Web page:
# Top 8 Date and Time Functions in Excel – A Quick Reference [Part 1] Date and Time functions in Excel help you to simplify handling time operations easily. In this article, we’ll learn some of the date and time functions in Excel.

## Date and Time Functions in Excel

Let’s get started with some of the time functions in Excel. If you’re looking for date functions, you can check out the top 8 date functions that we covered recently.

### 1. HOUR function

The hour of a time value is returned by the HOUR function. The hour is represented as an integer, with values ranging from 0 to 23.

Syntax: HOUR(time), where time includes the hour you’re looking for. The following example shows the use of HOUR function:

• Select the cell where you want to display the result.
• Type =HOUR(A2), where cell A2 contains the time.
• Press the Enter key to display the result.

### 2. ISOWEEKNUM function

For a given date, the ISOWEEKNUM function returns the ISO week number of the year.

Syntax: ISOWEEKNUM(date), where date is the date-time code that Excel uses to calculate dates and times. The following example shows the use of ISOWEEKNUM function:

• Select the cell where you want to display the result.
• Type =ISOWEEKNUM(A2), where cell A2 contains the date.
• Press the Enter key to display the result.

Note: This function is available in Excel 2013 and above.

### 3. MINUTE function

The minutes of a time value is returned by the MINUTE function. The minute is expressed as an integer between 0 and 59.

Syntax: MINUTE(time), where time includes the hour you’re looking for. The following example shows the use of MINUTE function:

• Select the cell where you want to display the result.
• Type =MINUTE(A2), where cell A2 contains the time.
• Press the Enter key to display the result.

### 4. MONTH function

The month of a date is returned by the MONTH function. The month is specified as an integer number ranging from 1 for January to 12 for December.

Syntax: MONTH(date), where date is the date-time code that Excel uses to calculate dates and times. The following example shows the use of MONTH function:

• Select the cell where you want to display the result.
• Type =MONTH(A2), where cell A2 contains the date.
• Press the Enter key to display the result.

### 5. NETWORKDAYS function

The NETWORKDAYS function returns the total number of working days between the start date and the end date. Weekends and holidays are not considered working days. Use NETWORKDAYS to compute employee benefits based on the number of days worked over a certain term.

Syntax: NETWORKDAYS(start_date, end_date, [holidays]), where start_date and end_date are the first and last day of the period and holidays parameter to include dates to be excluded. the following example shows the use of NETWORKDAYS function:

• Select the cell where you want to display the result.
• Type =NETWORKDAYS(A2,B2,C2), where cells A2, B2 and C2 contains the start date. end date and holiday respectively.
• Press the Enter key to display the result.

### 6. NETWORKDAYS.INTL

The NETWORKDAYS.INTL returns the number of entire workdays between two dates, with arguments specifying which and how many days are weekends. Weekends and other days designated as holidays are not considered workdays.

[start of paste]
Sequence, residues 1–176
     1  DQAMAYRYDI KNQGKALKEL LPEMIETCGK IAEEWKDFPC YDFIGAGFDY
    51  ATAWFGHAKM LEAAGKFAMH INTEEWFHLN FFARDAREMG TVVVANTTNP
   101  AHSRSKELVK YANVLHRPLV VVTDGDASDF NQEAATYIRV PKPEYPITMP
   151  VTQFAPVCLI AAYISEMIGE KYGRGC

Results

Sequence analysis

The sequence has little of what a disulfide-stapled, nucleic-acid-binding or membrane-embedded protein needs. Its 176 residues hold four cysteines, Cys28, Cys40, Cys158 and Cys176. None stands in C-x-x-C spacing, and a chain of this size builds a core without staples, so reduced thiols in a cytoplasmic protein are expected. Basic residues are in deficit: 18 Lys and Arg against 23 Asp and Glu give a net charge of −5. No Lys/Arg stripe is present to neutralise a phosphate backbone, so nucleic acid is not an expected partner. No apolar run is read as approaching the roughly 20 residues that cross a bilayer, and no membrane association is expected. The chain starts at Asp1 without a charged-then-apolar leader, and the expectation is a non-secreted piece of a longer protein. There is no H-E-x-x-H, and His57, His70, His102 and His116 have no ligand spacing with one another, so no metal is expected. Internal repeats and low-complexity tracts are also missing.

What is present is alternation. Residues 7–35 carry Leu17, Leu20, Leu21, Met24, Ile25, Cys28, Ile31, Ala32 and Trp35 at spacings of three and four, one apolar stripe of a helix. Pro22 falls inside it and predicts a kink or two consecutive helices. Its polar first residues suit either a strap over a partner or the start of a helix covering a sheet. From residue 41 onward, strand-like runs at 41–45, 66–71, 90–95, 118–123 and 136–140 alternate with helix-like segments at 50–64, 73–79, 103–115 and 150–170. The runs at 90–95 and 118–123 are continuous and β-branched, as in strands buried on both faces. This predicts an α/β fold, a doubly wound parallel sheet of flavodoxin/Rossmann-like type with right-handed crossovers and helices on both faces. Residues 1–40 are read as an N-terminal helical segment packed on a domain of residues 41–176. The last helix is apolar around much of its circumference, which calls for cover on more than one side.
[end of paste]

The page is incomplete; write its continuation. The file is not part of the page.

Syntax: NETWORKDAYS.INTL(start_date, end_date, [weekend], [holidays]), where start_date and end_date are the first and last day of the period, holidays parameter to include dates to be excluded and weekend indicates the weekend days.

Weekend number values are as follows:

• 1 or omitted: Saturday & Sunday,
• 2: Sunday & Monday,
• 3: Monday & Tuesday,
• 4: Tuesday & Wednesday,
• 5: Wednesday & Thursday,
• 6: Thursday & Friday,
• 7: Friday & Saturday,
• 11: Sunday only,
• 12: Monday only,
• 13: Tuesday only,
• 14: Wednesday,
• 15: Thursday only,
• 16: Friday only,
• 17: Saturday only.

The following example shows the use of NETWORKDAYS.INTL function:

• Select the cell where you want to display the result.
• Type =NETWORKDAYS(A2,B2,C2,D2), where cells A2, B2 and C2 contains the start date. end date, weekend, and holidays respectively.
• Press the Enter key to display the result.

Note: This function is available in Excel 2010 and above.

### 7. NOW function

The NOW function returns the current system date and time. The value is updated every time the worksheet is opened or recalculated.

Syntax: NOW() and it has no arguments. The following example shows the use of NOW function.

• Select the cell where you want to display the result.
• Type =NOW().
• Press the Enter key to display the result.

### 8. SECOND function

The seconds of a time value are returned by the SECOND function. The second is expressed as an integer between 0 and 59.

Syntax: SECOND(time), where time includes the seconds you’re looking for. The following example shows the use of SECOND function:

• Select the cell where you want to display the result.
• Type =SECOND(A2), where cell A2 contains the time.
• Press the Enter key to display the result.

Note: Dates are stored as consecutive serial numbers in Microsoft Excel so that they can be used in calculations. January 1, 1900, is serial number 1 by default, and January 1, 2008, is serial number 39448 because it is 39,448 days after January 1, 1900.

## Conclusion

In this article, we learned some of the date and time functions in Excel.